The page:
Rani Molla is a Bloomberg Gadfly columnist using data visualizations to cover corporations and markets. She previously worked for the Wall Street Journal.

Warren Buffett cut his Wal-Mart stake by 7 percent, or about $289 million, in the third quarter, according to a filing released on Nov. 16. He said it was because he needed cash handy to go shopping. It had nothing to do, Buffett said, with the big-box retailer’s plunging stock price.

Berkshire's Piggy Bank
Berkshire Hathaway's quarterly cash and cash equivalents over time
Data: Bloomberg


A reminder to the universe: Berkshire Hathaway, the legendary creation and corporate domicile of the world's third-richest man, already sits atop $66 billion in cash and cash equivalents. It has socked away another $180 billion in short term investments, much of which could be readily turned into cash. 

Take a look below at a ranking of the most cash-rich members of the S&P 500. And look at occupant number four. Right, Berkshire.

In the Money
Companies with the largest third-quarter cash positions
Data: Bloomberg

Of course, a chart like this is destined to have lots of insurers and financial services firms in it (as well as two well-known corporate ATMs, Apple and Google). Insurers and banks have to keep more cash on their balance sheets than other companies (because insurers have to pay out policies in sometimes unpredictable ways and banks have regulators requiring them to plump up their coffers).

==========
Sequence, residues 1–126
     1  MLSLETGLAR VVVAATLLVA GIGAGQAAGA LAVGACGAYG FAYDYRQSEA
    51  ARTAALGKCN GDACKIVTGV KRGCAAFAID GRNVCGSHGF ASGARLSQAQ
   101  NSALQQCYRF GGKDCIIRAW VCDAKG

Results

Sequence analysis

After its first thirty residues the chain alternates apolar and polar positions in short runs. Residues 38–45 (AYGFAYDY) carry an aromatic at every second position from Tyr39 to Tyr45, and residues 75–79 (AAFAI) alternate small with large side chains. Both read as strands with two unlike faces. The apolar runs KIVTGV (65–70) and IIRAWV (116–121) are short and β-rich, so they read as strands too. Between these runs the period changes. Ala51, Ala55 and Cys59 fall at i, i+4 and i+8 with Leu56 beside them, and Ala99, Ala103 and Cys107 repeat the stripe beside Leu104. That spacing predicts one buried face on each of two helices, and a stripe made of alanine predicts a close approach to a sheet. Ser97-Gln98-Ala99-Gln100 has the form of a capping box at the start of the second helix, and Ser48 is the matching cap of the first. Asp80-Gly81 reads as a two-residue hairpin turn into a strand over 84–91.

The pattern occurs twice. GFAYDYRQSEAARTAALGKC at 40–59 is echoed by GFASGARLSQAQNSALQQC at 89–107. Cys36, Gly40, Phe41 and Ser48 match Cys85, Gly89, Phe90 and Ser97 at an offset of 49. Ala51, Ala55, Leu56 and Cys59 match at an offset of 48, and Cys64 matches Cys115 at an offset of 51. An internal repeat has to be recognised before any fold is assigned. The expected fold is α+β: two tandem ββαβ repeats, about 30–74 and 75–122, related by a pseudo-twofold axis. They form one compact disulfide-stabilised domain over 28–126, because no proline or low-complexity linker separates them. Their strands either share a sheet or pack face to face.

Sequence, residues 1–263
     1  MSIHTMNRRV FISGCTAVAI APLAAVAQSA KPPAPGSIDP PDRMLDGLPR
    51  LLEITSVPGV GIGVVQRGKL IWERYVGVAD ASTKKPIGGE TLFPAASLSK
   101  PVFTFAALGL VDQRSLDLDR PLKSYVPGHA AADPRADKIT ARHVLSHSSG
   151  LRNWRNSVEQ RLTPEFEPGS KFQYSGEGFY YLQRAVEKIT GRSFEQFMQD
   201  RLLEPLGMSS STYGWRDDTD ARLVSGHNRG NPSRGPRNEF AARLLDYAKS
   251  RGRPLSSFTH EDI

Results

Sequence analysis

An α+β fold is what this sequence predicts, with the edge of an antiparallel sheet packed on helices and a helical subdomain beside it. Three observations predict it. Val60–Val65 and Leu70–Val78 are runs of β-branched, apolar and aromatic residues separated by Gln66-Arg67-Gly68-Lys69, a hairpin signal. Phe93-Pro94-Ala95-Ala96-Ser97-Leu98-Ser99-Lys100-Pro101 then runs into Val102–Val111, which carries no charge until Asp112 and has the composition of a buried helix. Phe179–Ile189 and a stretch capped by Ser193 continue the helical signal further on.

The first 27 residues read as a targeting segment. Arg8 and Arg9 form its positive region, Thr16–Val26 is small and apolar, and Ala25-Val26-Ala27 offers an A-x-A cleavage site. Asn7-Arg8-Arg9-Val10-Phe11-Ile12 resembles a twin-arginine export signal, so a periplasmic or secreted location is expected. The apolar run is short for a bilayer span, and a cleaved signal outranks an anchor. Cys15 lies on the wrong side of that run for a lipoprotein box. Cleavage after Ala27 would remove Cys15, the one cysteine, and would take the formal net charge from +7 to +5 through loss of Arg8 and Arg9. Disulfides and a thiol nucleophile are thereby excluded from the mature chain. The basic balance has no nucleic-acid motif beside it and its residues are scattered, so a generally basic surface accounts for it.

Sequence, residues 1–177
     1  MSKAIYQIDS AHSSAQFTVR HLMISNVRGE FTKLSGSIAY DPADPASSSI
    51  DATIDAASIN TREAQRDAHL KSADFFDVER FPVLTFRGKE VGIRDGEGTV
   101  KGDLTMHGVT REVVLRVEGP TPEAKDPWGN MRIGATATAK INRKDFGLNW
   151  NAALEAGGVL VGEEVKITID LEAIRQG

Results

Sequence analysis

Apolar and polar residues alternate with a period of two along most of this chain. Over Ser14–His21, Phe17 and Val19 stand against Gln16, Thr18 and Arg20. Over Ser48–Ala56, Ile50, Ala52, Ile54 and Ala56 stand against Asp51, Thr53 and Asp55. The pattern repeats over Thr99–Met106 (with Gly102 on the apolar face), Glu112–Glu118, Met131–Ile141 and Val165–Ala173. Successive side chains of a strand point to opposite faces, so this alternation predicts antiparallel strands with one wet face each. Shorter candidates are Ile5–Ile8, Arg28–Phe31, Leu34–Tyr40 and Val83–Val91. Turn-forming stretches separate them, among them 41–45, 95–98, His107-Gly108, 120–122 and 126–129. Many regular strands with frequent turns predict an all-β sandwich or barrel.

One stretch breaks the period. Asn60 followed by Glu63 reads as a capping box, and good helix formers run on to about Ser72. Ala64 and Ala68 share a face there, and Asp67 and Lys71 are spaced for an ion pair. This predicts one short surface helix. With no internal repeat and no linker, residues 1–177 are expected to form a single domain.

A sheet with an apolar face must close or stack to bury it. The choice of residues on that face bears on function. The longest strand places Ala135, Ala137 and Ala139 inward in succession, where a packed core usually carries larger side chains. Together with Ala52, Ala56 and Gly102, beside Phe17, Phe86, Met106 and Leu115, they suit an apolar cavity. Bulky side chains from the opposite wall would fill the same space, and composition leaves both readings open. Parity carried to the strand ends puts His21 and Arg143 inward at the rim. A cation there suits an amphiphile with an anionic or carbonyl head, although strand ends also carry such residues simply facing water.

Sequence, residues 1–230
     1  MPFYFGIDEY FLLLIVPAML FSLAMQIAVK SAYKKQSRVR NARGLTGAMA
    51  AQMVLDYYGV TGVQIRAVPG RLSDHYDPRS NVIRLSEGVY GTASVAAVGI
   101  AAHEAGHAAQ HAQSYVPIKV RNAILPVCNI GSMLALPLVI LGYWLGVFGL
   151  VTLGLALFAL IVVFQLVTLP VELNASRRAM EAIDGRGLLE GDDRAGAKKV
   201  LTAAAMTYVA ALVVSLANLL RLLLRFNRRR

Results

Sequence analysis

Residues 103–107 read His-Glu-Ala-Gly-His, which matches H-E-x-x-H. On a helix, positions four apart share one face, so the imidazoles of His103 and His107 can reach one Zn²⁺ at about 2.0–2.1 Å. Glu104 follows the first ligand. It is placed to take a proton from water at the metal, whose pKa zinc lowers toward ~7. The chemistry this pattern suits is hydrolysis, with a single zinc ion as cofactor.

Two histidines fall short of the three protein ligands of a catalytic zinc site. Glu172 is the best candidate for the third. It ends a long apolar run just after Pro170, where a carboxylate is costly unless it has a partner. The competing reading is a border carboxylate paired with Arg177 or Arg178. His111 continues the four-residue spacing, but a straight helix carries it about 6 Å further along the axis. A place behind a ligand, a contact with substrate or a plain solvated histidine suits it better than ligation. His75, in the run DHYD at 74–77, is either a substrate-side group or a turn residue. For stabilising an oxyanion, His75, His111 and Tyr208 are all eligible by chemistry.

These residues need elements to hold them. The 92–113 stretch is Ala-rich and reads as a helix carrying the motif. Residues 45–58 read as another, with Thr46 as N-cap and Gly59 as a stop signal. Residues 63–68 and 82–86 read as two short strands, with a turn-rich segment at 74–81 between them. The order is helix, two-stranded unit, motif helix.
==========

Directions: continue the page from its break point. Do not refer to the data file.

So should we take old Warren at his word? Did he really dump a chunk of Wal-Mart stock (as well as shares in Goldman Sachs worth about $328 million) because he wants more cash lying around? That's the kind of question that gets Gadfly jumping.

Buffett agreed to buy Precision Castparts in August for more than $37 billion. He said he sold off the Wal-Mart and Goldman stakes to pad his balance sheet ahead of the upcoming completion of that deal.

Okay. But as noted above, the world's most formidable individual investor has $66 billion in cash, and $180 billion in short-term stuff at Berkshire.  About $56 billion of that $66 billion is directly under Buffett's control and sits inside Berkshire's insurance operation. 


Let's be even more conservative and presume Buffett may be free to play with about half of that amount (while leaving the $180 billion in short-term holdings alone). That gives him about $28 billion. And he's committing $23 billion of Berkshire's cash to the Precision takeover (while financing the remainder of  that $37 billion-deal). So maybe Buffett needs to tighten his belt after all.


This column does not necessarily reflect the opinion of Bloomberg LP and its owners.

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Rani Molla in New York at

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Timothy L. O'Brien at